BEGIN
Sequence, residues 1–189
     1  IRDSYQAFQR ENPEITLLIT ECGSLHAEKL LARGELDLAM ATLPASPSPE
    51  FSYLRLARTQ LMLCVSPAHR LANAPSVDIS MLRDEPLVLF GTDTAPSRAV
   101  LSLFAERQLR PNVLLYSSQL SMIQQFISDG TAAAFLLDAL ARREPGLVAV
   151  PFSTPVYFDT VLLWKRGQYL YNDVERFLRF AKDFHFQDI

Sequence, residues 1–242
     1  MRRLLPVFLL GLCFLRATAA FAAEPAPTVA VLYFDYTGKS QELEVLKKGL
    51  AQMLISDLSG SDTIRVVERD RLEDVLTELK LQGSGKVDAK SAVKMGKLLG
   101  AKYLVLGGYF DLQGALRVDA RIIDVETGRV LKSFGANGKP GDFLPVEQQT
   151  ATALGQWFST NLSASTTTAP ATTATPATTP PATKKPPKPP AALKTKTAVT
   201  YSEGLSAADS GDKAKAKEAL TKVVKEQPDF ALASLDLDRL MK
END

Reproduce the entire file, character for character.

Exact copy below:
Sequence, residues 1–189
     1  IRDSYQAFQR ENPEITLLIT ECGSLHAEKL LARGELDLAM ATLPASPSPE
    51  FSYLRLARTQ LMLCVSPAHR LANAPSVDIS MLRDEPLVLF GTDTAPSRAV
   101  LSLFAERQLR PNVLLYSSQL SMIQQFISDG TAAAFLLDAL ARREPGLVAV
   151  PFSTPVYFDT VLLWKRGQYL YNDVERFLRF AKDFHFQDI

Sequence, residues 1–242
     1  MRRLLPVFLL GLCFLRATAA FAAEPAPTVA VLYFDYTGKS QELEVLKKGL
    51  AQMLISDLSG SDTIRVVERD RLEDVLTELK LQGSGKVDAK SAVKMGKLLG
   101  AKYLVLGGYF DLQGALRVDA RIIDVETGRV LKSFGANGKP GDFLPVEQQT
   151  ATALGQWFST NLSASTTTAP ATTATPATTP PATKKPPKPP AALKTKTAVT
   201  YSEGLSAADS GDKAKAKEAL TKVVKEQPDF ALASLDLDRL MK